The Lions Congregation is a roundtable of Lions bloggers who comment upon a topic or topics, nearly every week. Here is my response to the question of whether or not Ndamukong Suh is likely to win NFC Defensive Player of the Year, on top of his near shoo-in selection for NFC Defensive Rookie of the Year:
Q: Should Ndamukong Suh also be getting strong consideration for Defensive Player of the Year, not just Defensive Rookie of the year? Will he win one or both? Thoughts?
Should Ndamukong Suh receive consideration for NFC Defensive Player of the Year? Hell, Yes!
Let the results speak for themselves:
Suh has:9 sacks (1st for DT’s)
60 combined tackles (3rd most for interior linemen, 1st DT)
1 interception returned for 20 yards
1 fumble recovery returned for a TD
Individual defensive statistics can be misleading, but let’s look at some of the changes in Lions team defensive statistics from 09′ to ’10:
The Lions Total Team Defense was ranked 32nd in ’09, and is currently 22nd in ’10. They are allowing 39.7 fewer yards per game (392.1 to 352.4) and .5 yards fewer per play (6.1 to 5.6).
The most noticeable improvements have been made in team pass defense:
Opp. Pass Comp Pct: 68.1 to 63.8
Opp. Passing Yards: 4, 249 to 3, 361 (a decrease of 888 yards)
Avg: 8.1 to 7.5 (a decrease of .6 yards per pass)
Opp. Yd/G: 265.6 to 224.1 (a decrease of 41.5 yds/g)
TD/INT: 35/9 to 23/13 (12 fewer TD’s, 4 more INT’s)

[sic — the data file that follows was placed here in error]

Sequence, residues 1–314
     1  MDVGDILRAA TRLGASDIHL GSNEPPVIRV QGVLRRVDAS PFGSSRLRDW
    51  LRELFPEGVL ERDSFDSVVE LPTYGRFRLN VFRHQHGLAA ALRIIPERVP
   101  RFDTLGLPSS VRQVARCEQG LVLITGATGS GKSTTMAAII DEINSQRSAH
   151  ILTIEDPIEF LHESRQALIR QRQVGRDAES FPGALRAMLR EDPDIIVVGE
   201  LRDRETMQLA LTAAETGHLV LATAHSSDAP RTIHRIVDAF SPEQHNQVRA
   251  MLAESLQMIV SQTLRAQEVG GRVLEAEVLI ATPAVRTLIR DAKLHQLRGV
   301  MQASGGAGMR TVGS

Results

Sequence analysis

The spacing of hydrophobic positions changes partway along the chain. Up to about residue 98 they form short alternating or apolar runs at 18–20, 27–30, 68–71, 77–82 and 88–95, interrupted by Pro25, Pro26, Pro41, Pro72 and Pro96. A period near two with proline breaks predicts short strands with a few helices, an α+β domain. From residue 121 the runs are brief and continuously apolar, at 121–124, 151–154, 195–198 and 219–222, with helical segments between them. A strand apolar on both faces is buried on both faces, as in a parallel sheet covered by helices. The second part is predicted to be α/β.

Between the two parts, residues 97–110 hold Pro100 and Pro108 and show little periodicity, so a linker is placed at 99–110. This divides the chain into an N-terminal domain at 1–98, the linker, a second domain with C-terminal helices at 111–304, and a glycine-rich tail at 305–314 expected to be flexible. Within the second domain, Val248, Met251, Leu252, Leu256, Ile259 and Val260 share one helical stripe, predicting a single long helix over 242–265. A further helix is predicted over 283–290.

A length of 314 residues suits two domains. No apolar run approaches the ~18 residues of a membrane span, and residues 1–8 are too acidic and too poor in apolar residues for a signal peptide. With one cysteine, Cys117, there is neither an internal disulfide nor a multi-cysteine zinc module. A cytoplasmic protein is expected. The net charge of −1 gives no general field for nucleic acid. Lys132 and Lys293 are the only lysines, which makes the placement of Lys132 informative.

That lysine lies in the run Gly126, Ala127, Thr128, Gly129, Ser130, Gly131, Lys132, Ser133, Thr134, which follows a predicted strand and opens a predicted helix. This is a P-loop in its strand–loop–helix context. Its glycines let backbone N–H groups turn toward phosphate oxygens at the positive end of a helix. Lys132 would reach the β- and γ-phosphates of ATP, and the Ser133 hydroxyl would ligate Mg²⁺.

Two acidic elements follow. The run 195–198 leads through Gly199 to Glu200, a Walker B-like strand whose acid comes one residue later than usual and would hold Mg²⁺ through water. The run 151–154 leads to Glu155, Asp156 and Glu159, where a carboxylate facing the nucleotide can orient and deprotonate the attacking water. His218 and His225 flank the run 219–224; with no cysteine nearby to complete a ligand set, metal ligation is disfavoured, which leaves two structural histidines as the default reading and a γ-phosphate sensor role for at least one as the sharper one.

Here is where Suh, and I believe the performance of the entire Lions defensive line has made it’s biggest difference.
Completed Passes of 20 yards or more: 54 to 41
Completed Passes of 40 yards or more: 41 to 9
Sacks: 26 to 41 (+15!)
Opp. Qb Rating: 107.0 to 91.1
Opponents are being pressured to deliver shorter, quicker passes. Opposing Qb’s are not being allowed to find a rhythm, nor are they able to exploit the weaknesses still lurking in the Lions secondary.
The Lions defense is still far from dominant, but even after injuries and roster deficiencies are accounted for, this team could not have possibly improved this much defensively solely because of another year of tutelage under Jim Schwartz and Gunther Cunningham.
The Lions defensive line has been the single biggest factor which has made this team competitive and appearing on the verge of better things to come. An argument can be made for Corey Williams being the most dominant DT on the Lions roster, but no Lions defensive lineman has exhibited the playmaking and difference-making ability of Ndamukong Suh.
Suh’s pernicious attitude on the field, which has consistently drawn double teams from opponents, has been infectiously influential upon the entire defense. The Lions defense is playing with a chip upon it’s shoulder and not allowing opposing QB’s to become comfortable.
In all likelihood, Suh will not receive legitimate consideration for the NFC Defensive Player of the Year. He has yet to establish the kind of pedigree or track record necessary to receive that kind of notice. That being said, watching one of the league’s all-time worst pass defenses become viable and respectable, albeit still residing in the middle of the pack, largely has to be attributed to the Lions biggest off-season addition, Ndamukong Suh.
Suh is a shoo-in for NFC Defensive Rookie of the Year, and is a top five finalist for NFC Defensive Player of the Year. If nothing else, no one off-season addition can be considered to be remotely as propitious as the Lions draft selection of Suh, who has changed the face of the entire franchise.
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